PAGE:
There's nothing subtle about Norwegian Escape, the first ship in Norwegian Cruise Line's Breakaway Plus Class. Norwegian Cruise Line attracts a median adult passenger age of 51, and Escape is no exception. Norwegian Escape's carefree attitude carries over to its dress code, which basically allows for anything. A daily service charge of $13.50 per person, per day, is billed to passengers in all cabin categories up to and including mini-suites. Island Escape joined the Thomson Cruises' fleet in 2009, having once sailed as Royal Caribbean's Viking Serenade. Today it is aimed squarely at the budget end of the market and offers decent-quality cruising with a few modern twists like an alternative restaurant. The 1,504-passenger ship's reputation is based on offering a more relaxed cruising experience than the "traditional" cruises offered by for example P&O Cruises and Fred.
The ship caters exclusively for a British market, many of whom will have been on a holiday provided by parent brand Thomson, and been tempted (or persuaded) to try a cruise.
There's a genuine sense of community among the staff, a lot of whom have been aboard the ship together for a long time. The ship is based in Palma, Majorca, and offers Mediterranean and Canary Island fly-cruises. However, Thomson announced in 2015 that Island Escape's days are numbered -- it will be offloaded when the line's newest ship, Discovery, joins the fleet in 2016. Island Escape is exclusively British, and it has a large proportion of first timers, families and couples relative to other ships. Passengers are encouraged to take a more relaxed and informal approach to their cruise and, as such, there is no real dress code.

This was our second cruise on Island Escape ,we wanted to spend another week aboard before her retirement.
Broadway-quality performances, in the form of two shows ("After Midnight" and "For the Record: The Brat Pack"), are pitch perfect. With 28 bars and restaurants onboard, most people will have to sail twice to try out everything. Wait service varies from slow and begrudging to friendly and efficient; we were surprised that we received the best service in complimentary venues onboard, such as Taste, Margaritaville and O'Sheehan's.
It's a young average age for the cruise sector and is skewed down further during school vacations, when the ship attracts families.
During the day, it's all casual, with swimsuits, shorts and T-shirts poolside and in ports. It also has a fiercely loyal repeat customer base that returns to the ship again and again.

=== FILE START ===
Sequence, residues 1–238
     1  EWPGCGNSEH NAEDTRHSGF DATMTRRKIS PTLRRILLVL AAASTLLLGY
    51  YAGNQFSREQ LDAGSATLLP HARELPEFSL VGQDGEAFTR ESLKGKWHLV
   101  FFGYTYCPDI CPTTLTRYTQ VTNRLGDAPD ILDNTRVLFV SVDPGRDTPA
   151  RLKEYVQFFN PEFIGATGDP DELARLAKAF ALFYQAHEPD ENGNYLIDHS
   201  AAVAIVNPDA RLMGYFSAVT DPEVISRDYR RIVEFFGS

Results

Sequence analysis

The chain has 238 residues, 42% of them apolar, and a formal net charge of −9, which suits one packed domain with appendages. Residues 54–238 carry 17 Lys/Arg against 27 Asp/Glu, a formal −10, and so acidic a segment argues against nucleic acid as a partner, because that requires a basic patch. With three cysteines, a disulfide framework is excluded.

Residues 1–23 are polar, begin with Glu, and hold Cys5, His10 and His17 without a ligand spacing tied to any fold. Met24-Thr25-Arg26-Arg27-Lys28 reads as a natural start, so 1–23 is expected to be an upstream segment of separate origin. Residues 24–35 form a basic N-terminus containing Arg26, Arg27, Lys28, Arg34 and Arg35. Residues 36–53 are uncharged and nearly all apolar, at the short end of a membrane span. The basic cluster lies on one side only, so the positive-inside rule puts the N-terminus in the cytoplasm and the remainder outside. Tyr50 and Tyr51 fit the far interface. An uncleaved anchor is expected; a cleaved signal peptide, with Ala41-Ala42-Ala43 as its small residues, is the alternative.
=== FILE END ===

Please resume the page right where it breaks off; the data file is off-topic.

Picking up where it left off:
However, many passengers do dress up in the evenings, especially when dining in the Oasis Restaurant, but this is by no means compulsory.
Leaving an extra tip for members of staff who do a particularly good job is by no means expected, but definitely appreciated. Food again adequate ,lots of choice and themed evenings also it was nice to dine at the Oasis for a change one evening. The hull art, designed by renowned artist and conservationist Guy Harvey, is a bold yet beautiful, in-your-face marine wildlife scene that spans more than 1,000 feet from bow to stern. Crowds, too, are noticeable, especially at peak periods around dinner and at show times, when everyone is clamoring for the same things at the same time.
At night, there's generally no formal dress code, though there's a no-shorts rule at some of the more upscale restaurants (Cagney's and Bayamo, for example).

Once onboard, you'll be captivated by the glitzy three-level 678 Ocean Place; virtually all the action at night takes place at its various restaurants and bars.
While Escape preaches a "freestyle" cruise experience, reservations often help people reduce wait times, though lines still are a part of the experience. Escape is deployed in Miami and attracts predominantly Americans, with a small percentage of Brits. Otherwise, khakis and Polo shirts are the norm for men in the evening, while women wear sundresses or blouses with capris, slacks or skirts.
An 18 percent gratuity is automatically added to bar drinks, all specialty dining (including dinner theater), spa and salon services, and even Vibe Beach Club passes. Thankfully, reservations can be made from your cabin or via multiple interactive screens throughout the ship for nearly anything. Norwegian doesn't have a true formal night, though passengers are encouraged to dress up for Norwegian's Night Out once per cruise. Even the top decks of the ship are bold, with a ropes course and four water slides that are sure to make your heart race.
Few people actually don their fancy duds, but those who do wear suits (for men) or cocktail dresses (for women). An indoor-outdoor dining concept, called the Waterfront, that allows passengers to dine seaside?

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